Have your butcher cut the rabbit into 6 pieces for you. Put all of the ingredients in a stock pot and bring to a boil. Then turn down to a simmer for about 1 hour or until the rabbit seems to be tender and almost falling off the bone. Cool and strain the rabbit out. Put the liquid back in a pot and reduce it until it is thick – about halfway. Add the crème fraiche or sour cream and season to taste if it needs it. Meanwhile, pull the rabbit off the bone and save the vegetables. Mix the sauce, vegetables and the rabbit together and serve over rice or with pasta.



Mackerel Escabeche

1 garlic clove, sliced thin
1 shallot sliced thin
1 onion, sliced thin
1 carrot, sliced thin
1 fennel, sliced thin
2 baby turnips, cut in half
2 fingerling potatoes
3 black peppercorns
1 bay leaf
pinch of red pepper flakes
1T salt
10g honey
1 cinnamon stick
1c. white wine
1c. water or fish stock if you have
4T white wine vinegar
4T olive oil
2 Spanish mackerel fillets
Sweat first 5 ingredients until translucent in a large pot. Add spices and toast. Add honey and toast. Add white wine and cook until alcohol is cooked off. Add water, white wine vinegar and olive oil. Bring to a boil and pour over fish. Cool an serve with grilled bread.




Epicurean NYC Staycation: The James New York – NoMad Hotel

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When some or other real estate person dreamed up the new Manhattan neighborhood of NoMad (North of Madison) in 1999, it was mostly still wholesale bead shops and discount perfume outlets. Several trendy shopping and nightlife options later, the amorphous area between The Flatiron and Murray Hill has surprisingly not actually become overrun with upscale chain stores, but instead has cultivated a particularly appealing restaurant scene – while its main cultural attraction, the Museum of Sex, now curates some of the most fascinatingly provocative exhibits in the city.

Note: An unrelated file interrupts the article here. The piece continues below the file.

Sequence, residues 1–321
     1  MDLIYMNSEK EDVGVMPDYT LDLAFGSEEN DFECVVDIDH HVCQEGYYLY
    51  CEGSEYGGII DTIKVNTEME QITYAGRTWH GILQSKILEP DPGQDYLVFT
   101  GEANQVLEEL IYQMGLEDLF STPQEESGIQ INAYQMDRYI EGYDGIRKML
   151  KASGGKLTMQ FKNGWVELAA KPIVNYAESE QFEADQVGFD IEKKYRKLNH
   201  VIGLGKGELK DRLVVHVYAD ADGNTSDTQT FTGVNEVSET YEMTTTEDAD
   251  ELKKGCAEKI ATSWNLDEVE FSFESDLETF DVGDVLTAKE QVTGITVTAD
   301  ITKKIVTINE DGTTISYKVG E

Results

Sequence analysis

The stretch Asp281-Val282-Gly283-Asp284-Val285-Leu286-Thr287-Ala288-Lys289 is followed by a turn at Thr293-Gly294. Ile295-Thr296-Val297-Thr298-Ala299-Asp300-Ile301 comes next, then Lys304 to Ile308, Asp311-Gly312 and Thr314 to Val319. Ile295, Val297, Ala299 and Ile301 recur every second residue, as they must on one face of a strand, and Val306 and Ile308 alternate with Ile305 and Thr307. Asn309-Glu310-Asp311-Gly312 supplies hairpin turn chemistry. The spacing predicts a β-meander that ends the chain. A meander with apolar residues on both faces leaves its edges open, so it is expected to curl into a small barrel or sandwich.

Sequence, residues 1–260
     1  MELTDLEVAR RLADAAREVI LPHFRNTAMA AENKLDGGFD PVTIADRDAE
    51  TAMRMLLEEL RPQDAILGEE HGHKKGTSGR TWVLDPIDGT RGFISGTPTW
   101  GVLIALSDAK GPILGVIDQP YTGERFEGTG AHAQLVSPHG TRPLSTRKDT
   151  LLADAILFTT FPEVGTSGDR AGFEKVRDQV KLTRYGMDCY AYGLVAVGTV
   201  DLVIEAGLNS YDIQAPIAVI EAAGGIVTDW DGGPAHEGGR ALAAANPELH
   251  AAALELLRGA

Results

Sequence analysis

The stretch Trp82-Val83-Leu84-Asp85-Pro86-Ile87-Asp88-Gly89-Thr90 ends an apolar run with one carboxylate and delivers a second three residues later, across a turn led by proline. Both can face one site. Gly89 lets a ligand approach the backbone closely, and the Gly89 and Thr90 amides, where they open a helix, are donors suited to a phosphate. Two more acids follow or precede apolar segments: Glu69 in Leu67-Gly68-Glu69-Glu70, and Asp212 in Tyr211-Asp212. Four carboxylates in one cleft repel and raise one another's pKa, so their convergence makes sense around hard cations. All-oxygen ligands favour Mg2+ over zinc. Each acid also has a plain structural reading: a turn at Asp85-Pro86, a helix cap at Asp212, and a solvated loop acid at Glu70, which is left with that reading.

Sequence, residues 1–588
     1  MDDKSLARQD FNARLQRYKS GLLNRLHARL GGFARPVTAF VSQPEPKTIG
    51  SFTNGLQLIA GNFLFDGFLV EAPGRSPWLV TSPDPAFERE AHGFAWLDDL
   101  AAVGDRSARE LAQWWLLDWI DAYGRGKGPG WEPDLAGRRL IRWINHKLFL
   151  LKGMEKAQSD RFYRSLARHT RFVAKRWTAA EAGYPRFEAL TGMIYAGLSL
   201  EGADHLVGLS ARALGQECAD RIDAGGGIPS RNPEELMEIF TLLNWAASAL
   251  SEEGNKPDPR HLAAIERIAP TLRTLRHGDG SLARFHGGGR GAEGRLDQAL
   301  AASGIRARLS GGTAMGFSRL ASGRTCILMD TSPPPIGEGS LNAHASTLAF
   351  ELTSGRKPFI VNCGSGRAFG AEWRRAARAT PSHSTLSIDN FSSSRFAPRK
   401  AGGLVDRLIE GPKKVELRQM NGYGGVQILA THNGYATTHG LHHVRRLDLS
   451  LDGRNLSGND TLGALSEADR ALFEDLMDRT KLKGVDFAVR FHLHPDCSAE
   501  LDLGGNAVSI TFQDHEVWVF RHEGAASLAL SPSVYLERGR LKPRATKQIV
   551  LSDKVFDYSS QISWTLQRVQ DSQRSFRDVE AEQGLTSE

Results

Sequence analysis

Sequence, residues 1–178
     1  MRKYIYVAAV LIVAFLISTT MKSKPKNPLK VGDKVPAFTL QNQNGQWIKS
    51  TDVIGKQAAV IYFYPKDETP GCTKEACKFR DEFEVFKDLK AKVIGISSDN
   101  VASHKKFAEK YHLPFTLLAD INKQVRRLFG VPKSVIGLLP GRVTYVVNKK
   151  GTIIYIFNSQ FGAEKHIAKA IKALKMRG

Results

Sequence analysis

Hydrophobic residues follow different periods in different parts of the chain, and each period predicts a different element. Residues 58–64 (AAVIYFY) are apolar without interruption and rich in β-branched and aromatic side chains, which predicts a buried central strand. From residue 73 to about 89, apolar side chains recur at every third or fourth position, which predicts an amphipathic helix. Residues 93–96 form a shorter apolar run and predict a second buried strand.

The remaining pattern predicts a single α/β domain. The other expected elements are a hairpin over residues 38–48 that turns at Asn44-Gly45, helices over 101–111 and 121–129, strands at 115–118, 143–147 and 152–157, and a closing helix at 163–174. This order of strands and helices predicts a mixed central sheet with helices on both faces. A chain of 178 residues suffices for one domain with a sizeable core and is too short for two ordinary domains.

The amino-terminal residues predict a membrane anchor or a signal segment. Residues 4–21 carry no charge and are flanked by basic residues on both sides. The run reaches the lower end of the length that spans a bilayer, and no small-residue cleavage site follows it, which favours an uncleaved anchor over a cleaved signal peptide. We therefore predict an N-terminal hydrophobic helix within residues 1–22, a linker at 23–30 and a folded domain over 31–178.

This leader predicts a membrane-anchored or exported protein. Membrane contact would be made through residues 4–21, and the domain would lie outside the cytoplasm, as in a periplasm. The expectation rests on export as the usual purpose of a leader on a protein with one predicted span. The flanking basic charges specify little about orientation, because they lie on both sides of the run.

We recently checked in to the area’s newest hotel, the James New York – NoMad, a you-would-never-recognize-it update of the old Carlton. The boutique hotel brand was actually launched with the opening of the James Chicago a decade ago, followed by a Soho NYC edition in 2010, which became an instant scene for its happening rooftop bar Jimmy (D.C. is on the way).

The NoMad outpost is a decidedly sophisticated overall experience, with none of the nightclubby vibes of some of its neighbors.

Here’s what we did.


The Rooms